Memorandum of Conversation, by Mrs. Jean H. Mulliken of the Commodities Division
|Participants:||H. G. Smith, CP86|
|Willard Barber, CCA87|
|E. G. Cale, F. A. Linville,88 Jean Mulliken, CD|
Mr. Linville stated that he had called the meeting in order to inform himself regarding the views of the interested divisions of the Department with respect to proposals which would be advanced by the Department of Agriculture in the forthcoming sugar negotiations. These proposals are, briefly:
- A one-year purchase, 1946 crop only.
- Price not to exceed $3.67 per cwt.89 (the equivalent of the price to be paid for the 1946 Puerto Rican sugar crop).
- No guarantee of fixed export prices on foodstuffs shipped to Cuba, and no commitment on the part of this Government to supply Cuba with rice, lard or wheat flour.
- U. S. >to purchase 1946 blackstrap molasses, but to make no offer for Cuban alcohol.
- Permit retention by Cuba of 250,000 tons of sugar for domestic consumption.
- Retention by Cuba of 50,000 tons of sugar for export.
- Elimination of escalator clause.
The consensus of the meeting was that the Department’s position on the above points should be as follows:
1. A one-year contract, while advantageous to the U. S. Government for political reasons, offers Cuba no assurance regarding her future [Page 942] in the U. S. market, and may be unacceptable for that reason. Cuba is in a better position to obtain concessions in this market at the present time than she is likely to be again, and the Department should make no effort to influence her to sign a one-year contract unless the Department of Agriculture will agree to a commitment on the part of the executive branch of the Government that, if the quota system is continued, it will support legislation to give Cuba an increased share of the U. S. market, on a proportional as well as on an absolute basis.
2. The Department of Agriculture committed itself during the June negotiations to giving Cuba the equivalent of the Puerto Rican price. This should be both the initial and the final offer. If Cuba should receive a higher price than Puerto Rico there would be pressure for an increase in the Puerto Rican price; on the other hand, any effort to shave the price below 3.67 might be to our ultimate disadvantage in loss of good will.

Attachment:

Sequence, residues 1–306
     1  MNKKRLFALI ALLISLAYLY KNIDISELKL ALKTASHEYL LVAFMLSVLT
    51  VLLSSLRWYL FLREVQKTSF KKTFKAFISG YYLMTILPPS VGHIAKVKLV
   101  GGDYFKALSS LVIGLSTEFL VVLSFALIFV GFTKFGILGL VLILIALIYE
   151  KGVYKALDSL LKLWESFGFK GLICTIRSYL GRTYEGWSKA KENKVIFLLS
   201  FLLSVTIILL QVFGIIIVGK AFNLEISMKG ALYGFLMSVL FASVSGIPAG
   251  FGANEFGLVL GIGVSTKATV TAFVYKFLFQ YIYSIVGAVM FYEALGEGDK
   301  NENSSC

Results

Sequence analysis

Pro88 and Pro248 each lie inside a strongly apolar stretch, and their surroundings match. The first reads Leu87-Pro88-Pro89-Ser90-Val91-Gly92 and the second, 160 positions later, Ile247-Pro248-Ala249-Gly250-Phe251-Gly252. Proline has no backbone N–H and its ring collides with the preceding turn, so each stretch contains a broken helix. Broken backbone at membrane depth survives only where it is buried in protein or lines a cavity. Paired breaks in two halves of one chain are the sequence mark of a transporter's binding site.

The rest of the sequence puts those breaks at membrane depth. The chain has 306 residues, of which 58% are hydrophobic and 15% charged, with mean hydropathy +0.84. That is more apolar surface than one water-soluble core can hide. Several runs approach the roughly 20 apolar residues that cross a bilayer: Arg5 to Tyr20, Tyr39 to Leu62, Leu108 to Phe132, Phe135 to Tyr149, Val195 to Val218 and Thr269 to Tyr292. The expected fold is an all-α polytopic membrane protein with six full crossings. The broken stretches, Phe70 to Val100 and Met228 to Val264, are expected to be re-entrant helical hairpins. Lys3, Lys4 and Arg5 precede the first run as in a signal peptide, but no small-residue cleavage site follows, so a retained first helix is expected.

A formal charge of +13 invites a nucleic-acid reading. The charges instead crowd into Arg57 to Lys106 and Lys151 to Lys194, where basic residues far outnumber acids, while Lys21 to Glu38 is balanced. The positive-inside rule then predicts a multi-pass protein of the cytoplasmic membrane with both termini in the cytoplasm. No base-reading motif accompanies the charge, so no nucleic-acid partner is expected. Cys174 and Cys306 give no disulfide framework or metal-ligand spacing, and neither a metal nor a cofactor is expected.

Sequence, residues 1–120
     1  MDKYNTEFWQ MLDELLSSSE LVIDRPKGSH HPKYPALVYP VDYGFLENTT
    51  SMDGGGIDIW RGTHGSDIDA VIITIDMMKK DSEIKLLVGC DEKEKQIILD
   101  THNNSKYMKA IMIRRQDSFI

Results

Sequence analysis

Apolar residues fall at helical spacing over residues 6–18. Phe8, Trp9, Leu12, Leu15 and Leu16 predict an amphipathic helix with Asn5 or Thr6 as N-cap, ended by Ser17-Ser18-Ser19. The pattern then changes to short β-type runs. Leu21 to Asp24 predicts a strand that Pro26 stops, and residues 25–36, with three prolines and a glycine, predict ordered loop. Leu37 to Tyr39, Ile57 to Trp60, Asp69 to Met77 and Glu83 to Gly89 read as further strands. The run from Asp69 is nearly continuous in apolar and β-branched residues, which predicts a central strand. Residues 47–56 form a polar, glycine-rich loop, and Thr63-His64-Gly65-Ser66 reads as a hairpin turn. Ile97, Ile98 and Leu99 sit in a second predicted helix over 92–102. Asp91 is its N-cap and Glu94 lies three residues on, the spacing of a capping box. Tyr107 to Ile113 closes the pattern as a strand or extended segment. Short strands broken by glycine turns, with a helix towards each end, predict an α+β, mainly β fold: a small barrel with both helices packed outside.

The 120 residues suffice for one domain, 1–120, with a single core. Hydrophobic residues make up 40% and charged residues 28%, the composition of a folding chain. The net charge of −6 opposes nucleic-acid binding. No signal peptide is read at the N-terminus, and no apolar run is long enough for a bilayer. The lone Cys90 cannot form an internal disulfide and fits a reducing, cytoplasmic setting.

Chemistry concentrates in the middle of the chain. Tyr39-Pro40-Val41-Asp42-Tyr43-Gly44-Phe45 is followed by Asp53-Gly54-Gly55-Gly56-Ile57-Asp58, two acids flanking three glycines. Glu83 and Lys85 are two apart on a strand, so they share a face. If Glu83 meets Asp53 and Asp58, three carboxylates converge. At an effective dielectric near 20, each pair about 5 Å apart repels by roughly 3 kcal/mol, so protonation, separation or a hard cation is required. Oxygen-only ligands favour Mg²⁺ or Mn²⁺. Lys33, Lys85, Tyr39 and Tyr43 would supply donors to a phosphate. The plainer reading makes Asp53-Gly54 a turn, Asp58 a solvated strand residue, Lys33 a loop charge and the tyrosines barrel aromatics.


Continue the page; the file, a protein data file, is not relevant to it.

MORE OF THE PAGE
3. Since the purchase price is being materially increased, this Government is under no further obligation to guarantee a fixed price on foodstuffs shipped to Cuba.
As long as our domestic prices are controlled, Cuba is protected, since export prices are tied to domestic price ceilings. If the Emergency Price Control Act89 should not be extended after next June, a commitment on the part of this Government to maintain fixed prices on exports to Cuba might: (1) involve heavy expenditures by the CCC, and would (2) constitute preferential treatment of Cuba.
As regards our previous commitments to provide Cuba with specified quantities of rice, lard and wheat flour, this, too, amounts to preferential treatment and should be discontinued. This will entail no great hardship to Cuba, since the supply situation should improve rapidly after the first quarter of 1946.
4. The Department should not press for government purchase of alcohol.
Molasses and alcohol prices (if any is bought) should not exceed last year’s figure and should probably be reduced, since the supply situation has eased for both commodities. No subsidy is being paid on domestically produced alcohol and supplies are adequate at the ceiling price, which is appreciably below the price paid for Cuban alcohol this year.
5. While 250,000 tons of sugar for domestic consumption is generous it is probably not feasible to attempt to reduce it, since the excess over household consumption has been the basis of an expanding and highly lucrative confectionery industry.
6. Cuba’s exports of sugar to the other American Republics during the years 1935–1941 averaged 26,000 long tons and never exceeded 73,000 tons. Nevertheless, Cuba will undoubtedly ask for at least 150,000 tons of sugar for export. As a compromise between the Cuban position and that of the Department of Agriculture the Department might suggest that 100,000 tons be earmarked by the CCC for sale to [Page 943] deficit areas in this hemisphere if they are unable to procure their requirements elsewhere at a reasonable price.
7. The escalator clause should be abandoned, since it might result in payment of a higher price to Cuba than to Puerto Rico.
Mr. Barber pointed out that, in view of the numerous changes in the situation affecting the June offer, it would be advisable, as an initial step, either to obtain from the Cubans a refusal of the initial offer or to have it clearly understood that it was withdrawn in toto, and that the second offer at a higher price replaced it. It was the consensus that this procedure should be followed.
- Division of Commercial Policy.↩
- Division of Caribbean and Central American Affairs.↩
- Francis A. Linville, Acting Assistant Chief of the Commodities Division (CD).↩
- Price of 3.67 cents per pound.↩
- For text of this Act of January 30, 1942, see 56 Stat. 23. For amendments extending the application of this Act from June 30, 1943, to June 30, 1946, see 56 Stat. 767 and 59 Stat. 306.↩